Melax later formed Exem with Þorri Jóhannsson of Inferno 5, releasing the album Kjöttromman in 1995 on Smekkleysa.
After Kukl disbanded, Óttarsson collaborated with renowned Icelandic and international artists and has performed solo guitar concerts in Iceland. As a polytechnic engineer in practice and inventor, he has also combined his music work with scientific projects and delved into quantum physics, thermoelectricity and navigational systems.
Mogensen worked for recording and video studios and joined Inferno 5, a multimedia ensemble founded by Þorri Jóh. He was asked to play bass for Killing Joke and rehearsed with them in England before Paul Raven rejoined that band. He played bass on several tracks on Exem's Kjöttromman. He later worked as a broadcast supervisor at the SkjárEinn TV station.
- "Dismembered" on V.I.S.A. Présente (1985, Bondage Records/V.I.S.A.)
- "Man on the Cross" on Geyser - Anthology of the Icelandic Independent Music Scene of the Eighties (1987, Enigma Records)
- "Seagull" on Björk's Audiobiography cassette (1998, self-released)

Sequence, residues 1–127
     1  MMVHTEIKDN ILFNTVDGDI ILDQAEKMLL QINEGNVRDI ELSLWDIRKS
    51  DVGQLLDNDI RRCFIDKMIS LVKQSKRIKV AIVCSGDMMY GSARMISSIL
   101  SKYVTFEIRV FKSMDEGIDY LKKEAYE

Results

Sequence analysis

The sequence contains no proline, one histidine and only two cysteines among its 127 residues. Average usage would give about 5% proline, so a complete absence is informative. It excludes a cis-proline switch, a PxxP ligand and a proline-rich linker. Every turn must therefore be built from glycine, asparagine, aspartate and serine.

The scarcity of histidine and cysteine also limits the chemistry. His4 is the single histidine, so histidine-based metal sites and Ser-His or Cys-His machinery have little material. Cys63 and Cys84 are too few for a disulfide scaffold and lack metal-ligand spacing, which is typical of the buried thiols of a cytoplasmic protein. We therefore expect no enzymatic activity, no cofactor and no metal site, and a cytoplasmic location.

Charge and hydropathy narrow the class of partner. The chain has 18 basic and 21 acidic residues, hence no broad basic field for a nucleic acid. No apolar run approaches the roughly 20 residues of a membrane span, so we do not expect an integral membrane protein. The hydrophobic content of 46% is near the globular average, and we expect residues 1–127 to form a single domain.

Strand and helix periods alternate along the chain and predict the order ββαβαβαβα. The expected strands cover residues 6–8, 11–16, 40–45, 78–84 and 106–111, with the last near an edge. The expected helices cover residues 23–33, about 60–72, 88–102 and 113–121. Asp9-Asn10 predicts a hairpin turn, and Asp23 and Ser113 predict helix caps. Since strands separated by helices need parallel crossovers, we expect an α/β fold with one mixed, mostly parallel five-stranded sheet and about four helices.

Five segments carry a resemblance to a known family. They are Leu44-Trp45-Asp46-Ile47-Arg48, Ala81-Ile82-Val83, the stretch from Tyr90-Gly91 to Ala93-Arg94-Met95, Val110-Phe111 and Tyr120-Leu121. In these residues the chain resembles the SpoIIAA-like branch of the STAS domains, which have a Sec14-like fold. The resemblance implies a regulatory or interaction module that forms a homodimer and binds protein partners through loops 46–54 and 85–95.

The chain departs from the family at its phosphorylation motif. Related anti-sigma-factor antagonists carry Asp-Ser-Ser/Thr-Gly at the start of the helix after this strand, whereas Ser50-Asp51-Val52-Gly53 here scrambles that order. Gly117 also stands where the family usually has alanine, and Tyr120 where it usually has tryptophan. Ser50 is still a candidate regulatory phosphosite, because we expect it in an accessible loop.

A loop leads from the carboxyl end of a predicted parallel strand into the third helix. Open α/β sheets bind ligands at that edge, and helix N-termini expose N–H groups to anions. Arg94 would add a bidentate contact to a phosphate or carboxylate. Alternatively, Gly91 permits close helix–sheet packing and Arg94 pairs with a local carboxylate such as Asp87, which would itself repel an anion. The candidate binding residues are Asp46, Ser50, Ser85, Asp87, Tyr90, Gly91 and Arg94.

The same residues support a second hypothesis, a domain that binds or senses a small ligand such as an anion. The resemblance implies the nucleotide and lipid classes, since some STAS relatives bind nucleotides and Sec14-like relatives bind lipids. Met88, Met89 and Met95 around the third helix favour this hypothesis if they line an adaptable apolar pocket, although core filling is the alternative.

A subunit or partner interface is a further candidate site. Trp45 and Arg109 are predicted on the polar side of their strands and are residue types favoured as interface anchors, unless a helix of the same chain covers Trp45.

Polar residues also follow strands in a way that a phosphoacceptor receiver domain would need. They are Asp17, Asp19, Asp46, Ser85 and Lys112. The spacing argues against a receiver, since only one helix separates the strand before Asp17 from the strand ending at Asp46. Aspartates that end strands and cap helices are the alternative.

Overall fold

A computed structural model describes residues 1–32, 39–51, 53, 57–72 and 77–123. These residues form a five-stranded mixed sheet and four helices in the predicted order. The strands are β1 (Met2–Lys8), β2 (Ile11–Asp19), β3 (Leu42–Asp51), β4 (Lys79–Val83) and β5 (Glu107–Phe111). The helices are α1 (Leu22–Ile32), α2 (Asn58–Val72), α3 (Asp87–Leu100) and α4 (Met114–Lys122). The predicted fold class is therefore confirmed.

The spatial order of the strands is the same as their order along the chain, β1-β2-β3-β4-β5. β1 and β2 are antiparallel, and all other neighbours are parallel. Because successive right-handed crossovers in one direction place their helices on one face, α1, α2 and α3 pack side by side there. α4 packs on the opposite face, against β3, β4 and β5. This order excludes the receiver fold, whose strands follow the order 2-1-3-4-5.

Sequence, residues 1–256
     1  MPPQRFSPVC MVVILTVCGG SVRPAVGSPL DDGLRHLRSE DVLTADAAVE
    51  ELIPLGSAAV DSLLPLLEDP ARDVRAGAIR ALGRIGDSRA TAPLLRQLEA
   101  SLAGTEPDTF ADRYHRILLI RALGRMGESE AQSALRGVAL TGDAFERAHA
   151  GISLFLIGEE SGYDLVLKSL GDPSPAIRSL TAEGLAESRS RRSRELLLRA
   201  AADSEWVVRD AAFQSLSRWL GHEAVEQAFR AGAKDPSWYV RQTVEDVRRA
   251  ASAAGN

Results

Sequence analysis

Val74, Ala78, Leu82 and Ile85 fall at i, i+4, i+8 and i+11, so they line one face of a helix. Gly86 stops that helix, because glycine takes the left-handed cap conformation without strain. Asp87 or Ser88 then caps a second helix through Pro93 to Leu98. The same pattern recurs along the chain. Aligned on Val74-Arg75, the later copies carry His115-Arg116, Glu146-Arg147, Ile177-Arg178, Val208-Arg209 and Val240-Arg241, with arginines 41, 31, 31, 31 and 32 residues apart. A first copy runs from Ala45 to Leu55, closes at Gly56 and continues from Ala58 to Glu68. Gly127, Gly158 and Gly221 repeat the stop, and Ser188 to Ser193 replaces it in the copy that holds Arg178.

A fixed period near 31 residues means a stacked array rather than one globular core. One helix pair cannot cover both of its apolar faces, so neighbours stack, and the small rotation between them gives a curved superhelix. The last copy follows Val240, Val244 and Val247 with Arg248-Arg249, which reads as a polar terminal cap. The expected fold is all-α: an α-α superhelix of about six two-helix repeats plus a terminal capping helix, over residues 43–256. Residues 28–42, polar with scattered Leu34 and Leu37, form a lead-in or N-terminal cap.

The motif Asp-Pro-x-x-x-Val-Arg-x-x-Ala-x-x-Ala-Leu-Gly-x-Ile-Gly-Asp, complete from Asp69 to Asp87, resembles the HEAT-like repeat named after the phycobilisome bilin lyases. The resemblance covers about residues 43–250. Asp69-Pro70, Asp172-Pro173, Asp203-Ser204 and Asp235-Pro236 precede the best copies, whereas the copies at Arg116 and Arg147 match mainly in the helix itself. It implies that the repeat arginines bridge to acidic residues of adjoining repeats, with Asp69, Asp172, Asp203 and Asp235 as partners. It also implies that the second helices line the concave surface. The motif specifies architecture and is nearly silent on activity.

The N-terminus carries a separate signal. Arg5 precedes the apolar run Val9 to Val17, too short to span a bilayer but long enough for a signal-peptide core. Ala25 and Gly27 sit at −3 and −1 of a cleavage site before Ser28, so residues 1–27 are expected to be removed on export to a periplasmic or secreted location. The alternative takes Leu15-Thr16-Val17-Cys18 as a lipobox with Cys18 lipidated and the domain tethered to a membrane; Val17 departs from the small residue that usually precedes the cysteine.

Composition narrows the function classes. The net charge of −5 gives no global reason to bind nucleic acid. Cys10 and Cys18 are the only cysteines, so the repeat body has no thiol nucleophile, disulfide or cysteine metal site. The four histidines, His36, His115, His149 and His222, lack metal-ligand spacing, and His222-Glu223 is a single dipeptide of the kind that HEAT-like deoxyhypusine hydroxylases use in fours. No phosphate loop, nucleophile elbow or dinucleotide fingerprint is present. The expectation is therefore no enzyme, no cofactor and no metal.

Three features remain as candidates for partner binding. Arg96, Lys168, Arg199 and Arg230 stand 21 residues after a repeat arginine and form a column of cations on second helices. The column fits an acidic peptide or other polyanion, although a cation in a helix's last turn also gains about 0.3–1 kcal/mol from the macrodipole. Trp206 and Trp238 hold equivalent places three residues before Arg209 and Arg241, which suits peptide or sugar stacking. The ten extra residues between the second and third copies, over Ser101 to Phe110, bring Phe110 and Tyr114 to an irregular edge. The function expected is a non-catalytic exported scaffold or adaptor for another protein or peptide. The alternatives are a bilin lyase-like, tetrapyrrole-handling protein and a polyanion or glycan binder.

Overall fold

- "Fuglar" on Björk's Family Tree box set (2002, One Little Indian Records)
- Rokksaga Íslands by Gestur Guðmundsson (1990, Forlagið)
- Björk (Colección Imágenes de Rock, N°82) by Jordi Bianciotto (1997, Editorial La Máscara)
- Alternative Rock : Third Ear - The Essential Listening Companion by Dave Thompson (2000, Backbeat Books)
- Lobster or Fame by Ólafur Jóhann Engilbertsson (2000, Bad Taste)
- Aston, Martin (1996). Björk: Björkgraphy. London: Simon & Schuster. p. 64. ISBN 0-684-81799-3.<templatestyles src="Module:Citation/CS1/styles.css"></templatestyles>
- "New Release Information" (Press release). London: Crass Records. January 1986. Archived from the original on February 9, 2008. Retrieved 2016-05-09. <templatestyles src="Module:Citation/CS1/styles.css"></templatestyles>